When you force an undesirable or harmful event on someone, you inflict it on them. You might prefer that someone inflict some physical pain on you rather than inflict you with the boredom of another trip to the annual flower show.

The verb inflict comes from the Latin word inflictus, meaning “to strike or dash against.” If you cause anything bad to happen to a person, animal, or even an object, you inflict that badness on them. For example, someone can inflict injuries or suffering on other people or inflict damage on property. We can inflict pollution or over-development on our environment. It's always a negative thing — you wouldn't say you inflict happiness or love on others.

Definitions of inflict
  1. verb
    impose something unpleasant
    synonyms: bring down, impose, visit
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    dictate, order, prescribe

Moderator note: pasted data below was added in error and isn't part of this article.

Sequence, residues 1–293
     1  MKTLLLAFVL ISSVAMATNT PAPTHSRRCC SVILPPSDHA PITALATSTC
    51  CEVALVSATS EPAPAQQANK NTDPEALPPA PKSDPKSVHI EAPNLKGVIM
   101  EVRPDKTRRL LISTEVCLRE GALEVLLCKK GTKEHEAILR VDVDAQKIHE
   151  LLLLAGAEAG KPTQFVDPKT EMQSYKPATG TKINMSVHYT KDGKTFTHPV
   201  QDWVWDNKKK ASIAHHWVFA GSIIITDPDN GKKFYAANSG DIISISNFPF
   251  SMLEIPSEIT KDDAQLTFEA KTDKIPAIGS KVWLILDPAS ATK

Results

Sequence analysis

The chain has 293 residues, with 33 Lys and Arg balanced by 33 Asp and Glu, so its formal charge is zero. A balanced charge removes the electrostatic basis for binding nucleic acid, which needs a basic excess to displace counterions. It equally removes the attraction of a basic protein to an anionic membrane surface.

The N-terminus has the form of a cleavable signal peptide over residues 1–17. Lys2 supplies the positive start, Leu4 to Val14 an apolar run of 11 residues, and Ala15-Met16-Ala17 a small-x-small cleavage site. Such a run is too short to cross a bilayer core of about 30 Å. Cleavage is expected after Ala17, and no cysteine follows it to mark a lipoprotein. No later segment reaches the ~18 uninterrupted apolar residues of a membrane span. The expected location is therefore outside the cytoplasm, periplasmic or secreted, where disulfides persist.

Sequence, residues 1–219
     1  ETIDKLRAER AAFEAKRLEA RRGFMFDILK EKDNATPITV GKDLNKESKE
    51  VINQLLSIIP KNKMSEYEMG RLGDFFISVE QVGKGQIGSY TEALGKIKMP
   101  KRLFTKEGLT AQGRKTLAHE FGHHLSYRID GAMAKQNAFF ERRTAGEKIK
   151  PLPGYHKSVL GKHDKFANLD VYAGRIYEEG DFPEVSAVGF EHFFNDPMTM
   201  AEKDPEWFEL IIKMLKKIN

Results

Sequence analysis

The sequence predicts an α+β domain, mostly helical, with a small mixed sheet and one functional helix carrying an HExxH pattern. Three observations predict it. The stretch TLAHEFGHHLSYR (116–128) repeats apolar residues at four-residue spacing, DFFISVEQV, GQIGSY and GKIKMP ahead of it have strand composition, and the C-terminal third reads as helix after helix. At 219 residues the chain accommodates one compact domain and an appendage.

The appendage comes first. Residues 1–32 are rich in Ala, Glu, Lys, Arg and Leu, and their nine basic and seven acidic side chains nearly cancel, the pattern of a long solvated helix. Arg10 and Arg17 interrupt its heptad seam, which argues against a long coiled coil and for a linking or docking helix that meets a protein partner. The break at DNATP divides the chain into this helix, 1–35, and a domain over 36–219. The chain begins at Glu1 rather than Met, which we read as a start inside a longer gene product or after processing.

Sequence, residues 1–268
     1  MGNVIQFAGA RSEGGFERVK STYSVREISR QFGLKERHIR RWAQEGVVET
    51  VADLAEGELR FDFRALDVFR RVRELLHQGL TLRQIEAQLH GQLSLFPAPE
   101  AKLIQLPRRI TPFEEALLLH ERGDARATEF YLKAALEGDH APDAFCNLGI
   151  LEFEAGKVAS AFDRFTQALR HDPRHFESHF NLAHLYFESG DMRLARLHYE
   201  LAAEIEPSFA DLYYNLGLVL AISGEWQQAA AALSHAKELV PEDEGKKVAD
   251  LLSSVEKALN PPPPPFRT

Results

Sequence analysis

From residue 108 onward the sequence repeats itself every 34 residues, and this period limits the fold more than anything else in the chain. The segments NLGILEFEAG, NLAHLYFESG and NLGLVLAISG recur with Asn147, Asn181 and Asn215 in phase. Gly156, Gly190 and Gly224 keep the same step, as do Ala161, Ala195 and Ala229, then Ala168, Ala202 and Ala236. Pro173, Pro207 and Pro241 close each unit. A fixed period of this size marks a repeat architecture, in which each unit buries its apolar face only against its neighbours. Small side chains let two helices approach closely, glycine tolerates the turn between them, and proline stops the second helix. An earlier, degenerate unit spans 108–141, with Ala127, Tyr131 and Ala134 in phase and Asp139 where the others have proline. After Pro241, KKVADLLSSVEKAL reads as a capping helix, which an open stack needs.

issue commands or orders for
    intrude, obtrude
    thrust oneself in as if by force
    impose or inflict forcefully
    inflict as a punishment
    to force onto another
    make mandatory
    type of:
    communicate, intercommunicate
    transmit thoughts or feelings
Commonly confused words

afflict / inflict

Both afflict and inflict cause pain, but afflict means to cause suffering or unhappiness, something a disease does, but inflict means to force pain or suffering, like if you smack someone upside the head.

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